Pension Protection Fund annual update on UK pension schemes
- UK pensions still facing a £779.9 billion deficit (end March 2016, full buyout basis)
- Investment in UK companies continues to decline, now below 7% of scheme assets,
- Special contributions by employers cost £10.5 billion in the first half of 2016
- Active scheme membership falls below 1.5 million
The Pension Protection Fund has today published its annual Purple Book analysis of the state of health of the UK’s final salary pension schemes. The data covers 5,794 schemes and shows that in spite of substantial additional employer contributions and positive stock market returns, UK employers remain a staggering £779.9 billion in debt to their current and former employees’ pensions. Even on a s179 basis, which is the amount required to meet PPF level benefits, schemes are showing an aggregate deficit of £221.7 billion.
Special contributions are one-off payments in excess of the annual funding commitment, specifically to reduce a scheme deficit.
By contrast to the relatively low levels of defined benefit scheme membership in the private sector (public sector schemes are not covered by the PPF), there are now around 10.5 million members of defined contribution pensions.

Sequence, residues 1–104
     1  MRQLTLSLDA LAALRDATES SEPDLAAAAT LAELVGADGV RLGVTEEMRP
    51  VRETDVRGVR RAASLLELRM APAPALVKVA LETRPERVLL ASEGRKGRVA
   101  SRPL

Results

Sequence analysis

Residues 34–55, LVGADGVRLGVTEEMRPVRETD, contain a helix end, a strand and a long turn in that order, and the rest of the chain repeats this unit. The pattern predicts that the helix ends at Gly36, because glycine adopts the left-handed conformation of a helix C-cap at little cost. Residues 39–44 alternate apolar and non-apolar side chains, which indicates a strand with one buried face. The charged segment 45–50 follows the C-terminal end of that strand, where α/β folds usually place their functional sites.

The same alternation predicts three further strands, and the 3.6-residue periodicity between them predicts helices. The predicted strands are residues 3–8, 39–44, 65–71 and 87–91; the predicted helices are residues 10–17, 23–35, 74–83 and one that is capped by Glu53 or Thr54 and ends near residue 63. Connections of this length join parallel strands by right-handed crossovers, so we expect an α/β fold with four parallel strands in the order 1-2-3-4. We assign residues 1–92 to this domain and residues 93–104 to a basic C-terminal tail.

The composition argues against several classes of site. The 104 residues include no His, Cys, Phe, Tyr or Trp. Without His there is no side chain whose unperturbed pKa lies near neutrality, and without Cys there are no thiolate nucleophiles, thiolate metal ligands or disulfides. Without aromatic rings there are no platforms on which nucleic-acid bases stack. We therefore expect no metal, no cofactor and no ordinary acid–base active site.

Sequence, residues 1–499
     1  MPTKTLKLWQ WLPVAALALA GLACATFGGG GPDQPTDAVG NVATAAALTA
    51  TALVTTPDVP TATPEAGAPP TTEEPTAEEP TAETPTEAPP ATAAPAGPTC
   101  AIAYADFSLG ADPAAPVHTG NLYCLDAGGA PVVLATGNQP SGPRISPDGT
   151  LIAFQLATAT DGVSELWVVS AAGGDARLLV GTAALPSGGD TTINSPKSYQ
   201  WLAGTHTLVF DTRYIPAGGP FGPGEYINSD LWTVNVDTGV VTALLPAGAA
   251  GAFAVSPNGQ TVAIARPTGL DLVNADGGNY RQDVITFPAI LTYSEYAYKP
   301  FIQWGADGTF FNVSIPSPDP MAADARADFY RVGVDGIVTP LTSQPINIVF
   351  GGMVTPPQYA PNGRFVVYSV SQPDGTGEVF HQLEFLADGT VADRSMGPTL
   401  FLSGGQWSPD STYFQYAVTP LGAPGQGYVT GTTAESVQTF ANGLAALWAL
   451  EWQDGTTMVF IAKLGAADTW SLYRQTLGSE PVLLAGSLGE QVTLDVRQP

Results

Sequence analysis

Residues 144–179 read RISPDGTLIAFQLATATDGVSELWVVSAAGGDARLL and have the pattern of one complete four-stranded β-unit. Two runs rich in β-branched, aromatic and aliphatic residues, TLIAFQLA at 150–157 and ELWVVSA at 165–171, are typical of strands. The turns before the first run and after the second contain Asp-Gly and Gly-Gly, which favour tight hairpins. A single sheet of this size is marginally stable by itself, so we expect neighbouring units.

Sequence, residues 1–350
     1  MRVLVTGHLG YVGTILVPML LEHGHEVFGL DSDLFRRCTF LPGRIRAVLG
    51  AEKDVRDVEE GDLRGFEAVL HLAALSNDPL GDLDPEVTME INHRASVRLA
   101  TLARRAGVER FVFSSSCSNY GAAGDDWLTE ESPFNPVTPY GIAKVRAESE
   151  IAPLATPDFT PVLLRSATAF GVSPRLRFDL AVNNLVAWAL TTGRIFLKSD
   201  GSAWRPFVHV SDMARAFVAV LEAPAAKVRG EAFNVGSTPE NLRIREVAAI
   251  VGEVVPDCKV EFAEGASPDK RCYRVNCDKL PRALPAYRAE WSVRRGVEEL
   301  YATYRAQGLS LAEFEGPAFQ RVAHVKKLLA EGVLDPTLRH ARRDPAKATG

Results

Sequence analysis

Tom McPhail, Head of retirement policy, Hargreaves Lansdown commented:
“Scheme members have built their retirement plans on promises made by their employers. It is now up to those employers and the pensions industry to deliver on those promises. There should be no compromise over the level of benefits, no sneaky watering down of inflation-proofing terms to get the schemes off the hook.”
“Looking forwards, the future lies with defined contribution pensions. Too often the transition away from final salary pensions has been accompanied by massive cuts to employer contribution rates. The average defined benefit scheme employer contribution is 16.2% of earnings, compared to just 2.5% going into defined contribution plans. This trend in reducing contributions has to be reversed.”
“Consolidating some of these legacy pension schemes would be technically challenging but worth pursuing. It costs two to three times as much per member to run a small scheme as a large one, with consultants, independent trustees, actuaries, accountants and lawyers all taking a cut. Fewer, larger schemes would mean better security for members and lower costs for employers.”
“The relationship between employers and the UK pension system has changed significantly in the past ten years. Pension schemes used to be owners of UK companies as well as being funded by them. Now, the bulk of scheme assets are invested overseas or in bonds. What’s more, as schemes mature, they will increasingly become net sellers of assets. Pensions being used to help finance the growth in British companies is becoming a thing of the past; instead our savings are either being lent to the government or invested abroad.”
The weighted average asset allocation to Equities has fallen from 61.1% in 2006 to 30.3% today; of this equity allocation, the proportion invested in listed UK shares has fallen from 48% (2008) to 22.4% in 2016.
(Source: Hargreaves Lansdown)